Hollande’s version of growth involves spending more money to stimulate jobs and economic recovery. Merkel’s version remains focused on slow-moving economic measures, such as making it easier to hire and fire workers, that increase short-term pain before yielding long-term benefits.
As opponents of austerity won elections in both France and Greece this weekend, some analysts and government officials, including some at the International Monetary Fund, have suggested giving governments more time to reduce their deficits, thus taking some of the bite out of steep budget cuts.
Hollande, the Socialist victor in French elections on Sunday, has pushed for larger changes to the austerity pact that was signed by 25 of the European Union’s 27 members earlier this year. But Merkel has all but ruled out any large-scale stimulus programs to jolt struggling countries out of their doldrums, and expectations are low that any large-scale new remedies will come from the May 23 meeting in Brussels.
“Growth through structural reforms is sensible, important and necessary. Growth on credit would just push us right back to the beginning of the crisis, and that is why we should not and will not do it,” Merkel said in a speech to the German parliament on Thursday.
Instead, European leaders who will meet over dinner are expected to discuss measures such as boosting the lending capacity of the European Investment Bank, cracking down on tax evasion and improving financing for small businesses.
Both Merkel and Hollande “know they cannot have an open dispute, because that would kill the euro zone. So they are both willing to compromise somewhat. The question is how much,” said Sebastian Dullien, a senior policy fellow at the European Council on Foreign Relations in Berlin.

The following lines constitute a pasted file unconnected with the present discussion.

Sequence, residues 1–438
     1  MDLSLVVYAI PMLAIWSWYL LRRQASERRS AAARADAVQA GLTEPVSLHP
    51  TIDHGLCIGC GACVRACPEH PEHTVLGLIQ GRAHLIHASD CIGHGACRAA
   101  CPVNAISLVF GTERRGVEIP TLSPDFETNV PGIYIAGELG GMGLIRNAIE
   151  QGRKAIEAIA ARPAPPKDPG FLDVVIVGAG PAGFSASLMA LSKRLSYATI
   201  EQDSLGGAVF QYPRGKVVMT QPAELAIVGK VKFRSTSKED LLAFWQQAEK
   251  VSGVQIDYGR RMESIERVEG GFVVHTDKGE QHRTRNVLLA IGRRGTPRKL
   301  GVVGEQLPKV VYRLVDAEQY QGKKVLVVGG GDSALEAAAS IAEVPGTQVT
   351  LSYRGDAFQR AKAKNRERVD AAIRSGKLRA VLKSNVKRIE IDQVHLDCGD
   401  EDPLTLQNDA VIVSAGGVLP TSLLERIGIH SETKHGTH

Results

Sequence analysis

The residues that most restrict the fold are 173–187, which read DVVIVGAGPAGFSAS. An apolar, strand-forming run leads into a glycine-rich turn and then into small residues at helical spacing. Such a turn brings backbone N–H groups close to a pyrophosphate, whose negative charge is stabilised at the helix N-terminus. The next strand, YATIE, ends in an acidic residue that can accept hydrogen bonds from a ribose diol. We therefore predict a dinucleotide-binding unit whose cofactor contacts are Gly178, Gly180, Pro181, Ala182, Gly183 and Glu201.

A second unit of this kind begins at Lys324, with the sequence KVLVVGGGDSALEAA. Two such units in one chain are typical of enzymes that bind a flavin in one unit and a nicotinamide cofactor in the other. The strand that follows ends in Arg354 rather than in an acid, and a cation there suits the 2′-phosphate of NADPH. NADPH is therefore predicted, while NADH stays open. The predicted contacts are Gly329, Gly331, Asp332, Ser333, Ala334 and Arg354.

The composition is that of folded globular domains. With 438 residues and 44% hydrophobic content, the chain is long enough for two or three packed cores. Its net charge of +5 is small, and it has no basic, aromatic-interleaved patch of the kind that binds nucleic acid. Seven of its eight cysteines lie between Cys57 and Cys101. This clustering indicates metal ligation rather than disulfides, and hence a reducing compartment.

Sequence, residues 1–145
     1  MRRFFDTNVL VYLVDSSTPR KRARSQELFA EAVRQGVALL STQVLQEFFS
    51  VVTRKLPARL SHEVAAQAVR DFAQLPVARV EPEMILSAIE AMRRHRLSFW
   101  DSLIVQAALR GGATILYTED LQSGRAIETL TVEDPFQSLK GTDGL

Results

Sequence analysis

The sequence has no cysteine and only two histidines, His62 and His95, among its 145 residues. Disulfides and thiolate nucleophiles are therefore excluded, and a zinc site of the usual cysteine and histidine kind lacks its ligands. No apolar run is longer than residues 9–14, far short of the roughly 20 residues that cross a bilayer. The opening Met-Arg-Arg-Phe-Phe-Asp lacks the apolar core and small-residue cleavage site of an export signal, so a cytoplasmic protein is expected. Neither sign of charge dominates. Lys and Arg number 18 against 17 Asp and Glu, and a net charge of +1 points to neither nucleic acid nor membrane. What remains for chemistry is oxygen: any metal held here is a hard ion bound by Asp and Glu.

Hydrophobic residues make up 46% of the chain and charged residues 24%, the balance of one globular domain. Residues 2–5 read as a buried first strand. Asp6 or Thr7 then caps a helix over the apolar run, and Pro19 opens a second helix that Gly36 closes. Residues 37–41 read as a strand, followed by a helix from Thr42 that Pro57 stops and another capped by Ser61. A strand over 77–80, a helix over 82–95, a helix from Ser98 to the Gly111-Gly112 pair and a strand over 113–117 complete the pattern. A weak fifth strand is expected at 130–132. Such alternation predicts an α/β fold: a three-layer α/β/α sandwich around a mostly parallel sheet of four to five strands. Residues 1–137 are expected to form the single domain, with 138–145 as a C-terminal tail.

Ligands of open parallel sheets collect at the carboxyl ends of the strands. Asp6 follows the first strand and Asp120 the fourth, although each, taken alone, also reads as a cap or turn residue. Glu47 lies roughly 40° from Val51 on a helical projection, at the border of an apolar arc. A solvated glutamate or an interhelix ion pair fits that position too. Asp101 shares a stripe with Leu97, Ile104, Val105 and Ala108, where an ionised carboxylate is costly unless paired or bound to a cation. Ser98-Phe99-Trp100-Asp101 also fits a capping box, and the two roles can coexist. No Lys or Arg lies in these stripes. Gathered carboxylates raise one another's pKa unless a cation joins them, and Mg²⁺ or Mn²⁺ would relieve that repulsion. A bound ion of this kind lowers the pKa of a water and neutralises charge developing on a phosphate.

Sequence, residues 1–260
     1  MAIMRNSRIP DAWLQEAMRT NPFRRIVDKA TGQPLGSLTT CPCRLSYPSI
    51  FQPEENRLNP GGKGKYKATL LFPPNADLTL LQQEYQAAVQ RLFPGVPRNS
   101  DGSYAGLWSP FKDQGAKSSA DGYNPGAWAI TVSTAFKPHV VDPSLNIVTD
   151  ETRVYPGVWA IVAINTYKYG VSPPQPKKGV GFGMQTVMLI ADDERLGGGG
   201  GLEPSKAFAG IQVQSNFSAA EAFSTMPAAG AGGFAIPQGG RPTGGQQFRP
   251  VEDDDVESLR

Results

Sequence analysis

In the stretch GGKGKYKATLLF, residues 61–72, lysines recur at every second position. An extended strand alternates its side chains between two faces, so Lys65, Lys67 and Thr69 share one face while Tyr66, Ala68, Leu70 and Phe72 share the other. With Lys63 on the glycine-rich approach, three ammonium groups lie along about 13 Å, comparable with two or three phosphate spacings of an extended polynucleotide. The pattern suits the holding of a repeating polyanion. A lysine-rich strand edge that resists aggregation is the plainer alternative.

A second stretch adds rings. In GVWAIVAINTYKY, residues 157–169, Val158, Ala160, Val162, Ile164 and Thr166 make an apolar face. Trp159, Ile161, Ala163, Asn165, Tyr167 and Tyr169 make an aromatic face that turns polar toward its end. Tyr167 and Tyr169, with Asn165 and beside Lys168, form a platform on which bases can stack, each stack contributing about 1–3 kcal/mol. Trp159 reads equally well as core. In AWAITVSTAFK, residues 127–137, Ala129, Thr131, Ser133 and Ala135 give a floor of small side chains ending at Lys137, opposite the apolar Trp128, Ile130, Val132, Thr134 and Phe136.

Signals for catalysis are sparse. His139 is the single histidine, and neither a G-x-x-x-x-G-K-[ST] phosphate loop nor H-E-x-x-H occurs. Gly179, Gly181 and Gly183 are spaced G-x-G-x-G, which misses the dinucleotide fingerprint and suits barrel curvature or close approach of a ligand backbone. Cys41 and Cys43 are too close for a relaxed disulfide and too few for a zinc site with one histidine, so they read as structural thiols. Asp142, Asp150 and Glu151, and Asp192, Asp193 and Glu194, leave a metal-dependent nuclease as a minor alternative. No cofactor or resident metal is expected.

The strains are playing out against the backdrop of more uncertainty in Greece, where politicians who are trying to form a post-election coalition are likely instead to opt over the weekend for new parliamentary elections in June.
For now, the 17 countries that share the euro currency appear c
loser to writing off a member, Greece, than ever before in their 13-year history. But some of Merkel’s allies have said they could envision once again reducing the interest payments that Greece is making on its emergency bailout loans.
If there are to be new elections, Europe’s willingness to offer concessions, however small, may be a determining factor in how well pro-bailout politicians do the second time around, after a first vote in which they were rejected two to one.
One of those pro-bailout leaders, Socialist Evangelos Venizelos, took up efforts to form a government Thursday, and called a meeting with Fotis Kouvelis, the leader of a small center-left party that favors remaining on the euro, “a good omen,” raising the prospects that the country could head off new elections.
Other proposals that may be discussed at the May summit but are likely to be more controversial include a European-wide financial transaction tax that is favored by euro-zone leaders as a way of raising revenue, but strongly opposed by Britain, which is a hub of the financial industry and does not use the euro.
“I think people want to see action,’’ said Peter Bofinger, a member of Merkel’s independent panel of economic advisers who has been an outspoken critic of the German response to the crisis.
Sony Kapoor, managing director of Re-Define, an economic think tank, said the election results in France and Greece show that “politically it has become imperative’’ for leaders to acknowledge the limits of their austerity plans.
“It is quite remarkable how much people are willing to take and sacrifice if it can be shown that tomorrow and the day after tomorrow will look better than today,’’ Kapoor said.
Correspondent Anthony Faiola in London contributed to this report.